Macau Casino LLC in Washington State has agreed, most likely very reluctantly, to cover the cost of an investigation conducted by state authorities into its operations. It will have to shell out $1.25 million to stay on the Washington State Gambling Commission’s (WSGC) good side and several executives at the company will be looking for a new field in which to work.
The investigation had involved two Macau Casino properties and centered on concerns of money laundering and loansharking. After determining that laws were definitely broken, the commission looked into how to assess penalties and has now made its decision.
The probe of the Macau Casino Tukwila and Macau Casino Lakewood began in 2016 following complaints about possible illicit activity taking place at the two venues. While it isn’t clear how investigators were able to reach their conclusions, they were able to confirm that a 45-year-old female employee of the Macau Casino Tukwila would enter the casino with bags of $20 bills that were then distributed to associates to use as buy-ins for various games.
A statement from the WSGC explains that the individuals would play for a while and then cash out for $100 bill, adding that the employee was also making loans for cash and chips to casino customers. Those loans were offered at “exorbitant” interest rates that were often 10-15%. When the recipients of the loans weren’t able to pay, the individual, her boyfriend and other collaborators would use fear and violence to force them into covering their debts.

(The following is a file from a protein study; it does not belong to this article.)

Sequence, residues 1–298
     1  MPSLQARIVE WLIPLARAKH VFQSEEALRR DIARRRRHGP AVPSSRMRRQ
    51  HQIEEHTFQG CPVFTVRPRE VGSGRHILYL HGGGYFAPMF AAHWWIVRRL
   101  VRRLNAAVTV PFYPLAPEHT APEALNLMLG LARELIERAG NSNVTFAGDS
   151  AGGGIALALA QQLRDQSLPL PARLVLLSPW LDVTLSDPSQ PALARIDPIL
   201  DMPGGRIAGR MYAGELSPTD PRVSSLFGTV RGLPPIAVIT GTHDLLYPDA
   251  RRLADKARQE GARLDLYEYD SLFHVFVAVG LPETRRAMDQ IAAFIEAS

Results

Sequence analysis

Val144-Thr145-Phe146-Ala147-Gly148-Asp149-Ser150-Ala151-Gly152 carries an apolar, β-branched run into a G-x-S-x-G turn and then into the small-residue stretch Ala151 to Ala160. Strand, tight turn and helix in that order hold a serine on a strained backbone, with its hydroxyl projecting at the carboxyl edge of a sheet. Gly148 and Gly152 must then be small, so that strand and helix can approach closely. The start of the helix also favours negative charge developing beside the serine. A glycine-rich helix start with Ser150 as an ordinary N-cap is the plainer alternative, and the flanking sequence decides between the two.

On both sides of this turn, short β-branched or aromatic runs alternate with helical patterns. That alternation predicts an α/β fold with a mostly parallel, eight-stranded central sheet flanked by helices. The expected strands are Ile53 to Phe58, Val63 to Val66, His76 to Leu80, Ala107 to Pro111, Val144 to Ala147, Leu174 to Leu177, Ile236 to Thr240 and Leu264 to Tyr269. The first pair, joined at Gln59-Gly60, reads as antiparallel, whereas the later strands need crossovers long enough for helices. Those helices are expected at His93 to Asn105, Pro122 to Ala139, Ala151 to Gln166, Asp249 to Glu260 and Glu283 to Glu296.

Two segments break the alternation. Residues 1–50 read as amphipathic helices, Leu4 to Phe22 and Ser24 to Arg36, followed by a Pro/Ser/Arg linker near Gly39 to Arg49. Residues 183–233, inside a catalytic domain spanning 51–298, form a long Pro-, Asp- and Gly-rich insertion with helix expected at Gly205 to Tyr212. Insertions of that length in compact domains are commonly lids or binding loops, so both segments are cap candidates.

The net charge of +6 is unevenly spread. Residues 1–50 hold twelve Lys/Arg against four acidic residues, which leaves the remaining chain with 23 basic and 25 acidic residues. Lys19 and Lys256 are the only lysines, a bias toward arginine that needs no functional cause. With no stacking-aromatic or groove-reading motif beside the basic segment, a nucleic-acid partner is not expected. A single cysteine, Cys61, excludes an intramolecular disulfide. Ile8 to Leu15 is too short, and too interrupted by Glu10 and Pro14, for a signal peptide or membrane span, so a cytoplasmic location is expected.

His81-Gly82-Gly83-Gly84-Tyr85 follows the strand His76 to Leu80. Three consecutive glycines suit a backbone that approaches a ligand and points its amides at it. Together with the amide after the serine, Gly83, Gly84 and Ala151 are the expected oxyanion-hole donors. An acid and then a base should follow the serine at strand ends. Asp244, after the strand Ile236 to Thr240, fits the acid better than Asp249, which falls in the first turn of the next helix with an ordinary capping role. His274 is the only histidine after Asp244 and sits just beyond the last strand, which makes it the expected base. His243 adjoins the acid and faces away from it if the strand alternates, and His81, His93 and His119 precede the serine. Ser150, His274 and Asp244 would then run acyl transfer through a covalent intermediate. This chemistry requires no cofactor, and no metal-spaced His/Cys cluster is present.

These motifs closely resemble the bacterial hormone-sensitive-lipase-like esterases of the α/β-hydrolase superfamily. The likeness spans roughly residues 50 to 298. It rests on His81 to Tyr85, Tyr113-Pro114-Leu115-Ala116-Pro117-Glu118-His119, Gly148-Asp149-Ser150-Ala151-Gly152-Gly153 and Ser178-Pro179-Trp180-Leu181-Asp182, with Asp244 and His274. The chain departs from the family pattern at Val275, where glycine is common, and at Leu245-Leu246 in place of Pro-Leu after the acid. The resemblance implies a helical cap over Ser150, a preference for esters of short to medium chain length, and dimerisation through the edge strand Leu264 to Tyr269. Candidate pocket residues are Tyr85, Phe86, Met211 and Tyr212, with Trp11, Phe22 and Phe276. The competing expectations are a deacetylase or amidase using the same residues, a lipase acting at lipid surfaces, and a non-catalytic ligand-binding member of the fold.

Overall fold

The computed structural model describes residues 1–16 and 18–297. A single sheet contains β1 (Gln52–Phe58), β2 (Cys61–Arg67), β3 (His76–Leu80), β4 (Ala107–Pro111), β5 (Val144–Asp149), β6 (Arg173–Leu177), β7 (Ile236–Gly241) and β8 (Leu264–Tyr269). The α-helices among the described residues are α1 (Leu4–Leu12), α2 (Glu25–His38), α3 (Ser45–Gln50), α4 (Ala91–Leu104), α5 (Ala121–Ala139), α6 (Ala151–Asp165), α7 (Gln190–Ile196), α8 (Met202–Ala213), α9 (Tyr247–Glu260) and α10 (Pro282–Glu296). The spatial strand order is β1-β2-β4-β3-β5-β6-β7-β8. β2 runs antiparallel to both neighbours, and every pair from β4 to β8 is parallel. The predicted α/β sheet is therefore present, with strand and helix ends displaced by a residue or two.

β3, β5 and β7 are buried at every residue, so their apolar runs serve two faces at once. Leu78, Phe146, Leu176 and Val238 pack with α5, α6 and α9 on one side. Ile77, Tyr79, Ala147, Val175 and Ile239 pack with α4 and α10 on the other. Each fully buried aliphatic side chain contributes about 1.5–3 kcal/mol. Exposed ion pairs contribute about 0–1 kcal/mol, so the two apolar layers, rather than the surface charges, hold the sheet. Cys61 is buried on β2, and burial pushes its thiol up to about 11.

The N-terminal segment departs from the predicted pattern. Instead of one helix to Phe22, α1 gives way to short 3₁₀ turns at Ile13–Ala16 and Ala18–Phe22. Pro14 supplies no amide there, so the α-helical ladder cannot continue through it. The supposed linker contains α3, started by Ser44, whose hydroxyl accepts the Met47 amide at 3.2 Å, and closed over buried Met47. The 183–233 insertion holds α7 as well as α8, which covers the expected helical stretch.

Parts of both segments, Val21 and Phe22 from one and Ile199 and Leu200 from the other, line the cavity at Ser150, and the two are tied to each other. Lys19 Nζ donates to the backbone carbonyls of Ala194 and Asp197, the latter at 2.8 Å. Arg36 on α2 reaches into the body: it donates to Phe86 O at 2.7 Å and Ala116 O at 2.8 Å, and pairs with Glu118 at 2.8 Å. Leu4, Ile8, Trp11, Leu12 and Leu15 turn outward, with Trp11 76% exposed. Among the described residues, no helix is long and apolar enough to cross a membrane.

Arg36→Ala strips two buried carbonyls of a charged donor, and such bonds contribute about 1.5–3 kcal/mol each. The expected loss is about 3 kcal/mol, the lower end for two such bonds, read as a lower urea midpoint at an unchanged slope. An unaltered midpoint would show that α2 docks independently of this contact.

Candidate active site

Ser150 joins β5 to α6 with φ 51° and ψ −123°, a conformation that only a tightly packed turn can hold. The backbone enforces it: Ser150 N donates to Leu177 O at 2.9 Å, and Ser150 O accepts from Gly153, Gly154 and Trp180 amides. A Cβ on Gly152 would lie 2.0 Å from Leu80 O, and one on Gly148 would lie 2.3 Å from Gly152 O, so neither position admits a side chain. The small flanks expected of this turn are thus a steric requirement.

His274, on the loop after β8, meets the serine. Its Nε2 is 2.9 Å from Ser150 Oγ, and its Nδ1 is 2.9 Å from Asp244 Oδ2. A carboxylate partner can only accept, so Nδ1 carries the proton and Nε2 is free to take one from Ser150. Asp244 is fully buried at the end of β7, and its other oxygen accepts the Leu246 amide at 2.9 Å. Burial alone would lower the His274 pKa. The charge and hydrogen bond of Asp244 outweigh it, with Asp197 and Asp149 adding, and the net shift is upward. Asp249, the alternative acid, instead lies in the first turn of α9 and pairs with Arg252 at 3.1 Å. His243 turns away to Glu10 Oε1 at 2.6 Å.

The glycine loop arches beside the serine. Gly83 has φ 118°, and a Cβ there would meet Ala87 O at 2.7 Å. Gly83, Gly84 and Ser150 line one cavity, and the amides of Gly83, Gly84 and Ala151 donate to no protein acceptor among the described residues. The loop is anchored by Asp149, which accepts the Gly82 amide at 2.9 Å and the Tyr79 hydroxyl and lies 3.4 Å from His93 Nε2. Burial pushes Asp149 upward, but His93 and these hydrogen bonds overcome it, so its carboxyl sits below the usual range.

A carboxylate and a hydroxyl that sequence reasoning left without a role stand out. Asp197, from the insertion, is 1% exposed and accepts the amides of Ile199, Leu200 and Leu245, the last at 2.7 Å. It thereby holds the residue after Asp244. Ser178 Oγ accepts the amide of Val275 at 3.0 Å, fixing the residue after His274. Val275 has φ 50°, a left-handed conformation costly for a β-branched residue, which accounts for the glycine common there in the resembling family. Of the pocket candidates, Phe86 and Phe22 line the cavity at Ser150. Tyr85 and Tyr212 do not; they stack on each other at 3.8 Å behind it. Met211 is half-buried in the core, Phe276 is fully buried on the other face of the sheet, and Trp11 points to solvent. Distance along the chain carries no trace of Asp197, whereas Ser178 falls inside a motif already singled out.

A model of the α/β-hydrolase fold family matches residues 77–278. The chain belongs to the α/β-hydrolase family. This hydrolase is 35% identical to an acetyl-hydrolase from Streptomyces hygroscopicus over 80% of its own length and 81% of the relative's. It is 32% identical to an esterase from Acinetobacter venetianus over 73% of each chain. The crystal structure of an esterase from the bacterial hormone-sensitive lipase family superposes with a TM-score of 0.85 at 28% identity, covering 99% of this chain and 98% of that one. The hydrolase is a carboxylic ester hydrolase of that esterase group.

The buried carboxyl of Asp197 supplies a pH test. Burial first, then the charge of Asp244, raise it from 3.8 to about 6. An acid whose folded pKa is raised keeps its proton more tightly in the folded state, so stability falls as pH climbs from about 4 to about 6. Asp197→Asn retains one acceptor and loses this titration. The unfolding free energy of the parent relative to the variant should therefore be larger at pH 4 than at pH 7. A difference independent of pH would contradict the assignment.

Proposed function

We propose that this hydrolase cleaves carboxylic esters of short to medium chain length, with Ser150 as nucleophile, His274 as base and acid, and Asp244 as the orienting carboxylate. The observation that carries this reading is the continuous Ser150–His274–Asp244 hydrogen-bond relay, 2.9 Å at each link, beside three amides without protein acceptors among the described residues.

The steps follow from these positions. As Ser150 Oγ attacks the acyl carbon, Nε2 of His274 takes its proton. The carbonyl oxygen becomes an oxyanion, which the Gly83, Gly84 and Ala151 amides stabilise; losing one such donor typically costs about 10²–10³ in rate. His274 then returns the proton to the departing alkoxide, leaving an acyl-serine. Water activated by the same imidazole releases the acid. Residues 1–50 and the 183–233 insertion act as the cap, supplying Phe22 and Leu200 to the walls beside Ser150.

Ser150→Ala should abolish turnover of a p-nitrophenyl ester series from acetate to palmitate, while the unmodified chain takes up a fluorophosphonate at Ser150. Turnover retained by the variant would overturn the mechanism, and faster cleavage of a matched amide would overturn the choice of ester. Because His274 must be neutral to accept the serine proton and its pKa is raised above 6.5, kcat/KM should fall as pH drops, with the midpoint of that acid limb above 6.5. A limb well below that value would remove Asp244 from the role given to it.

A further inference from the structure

Dave Trujillo, the director of the WSGC, adds in the statement, “This penalty sends a message to those involved in the investigation, as well as others in the industry. We will take necessary steps to keep the criminal element out of licensed gambling facilities.”
The employee has already been arrested and charged with several crimes, including money laundering, debt collection through extortion and unlawful debt. It wasn’t clear what charges, if any, her boyfriend faces. Macau Casino has been prohibited from participating in future gambling activity in the state and seven card room employees had their gaming licenses stripped away. The WSGC indicates that an additional four employees could lose their licenses, as well.
According to a separate report by Seattle’s KOMO News, the casino was partially held liable because it knew what was going on. A report by the media outlet indicates that one of the employees who had their license revoked was the GM of Macau Casino Tukwila, who knew what was going on but did nothing to stop it.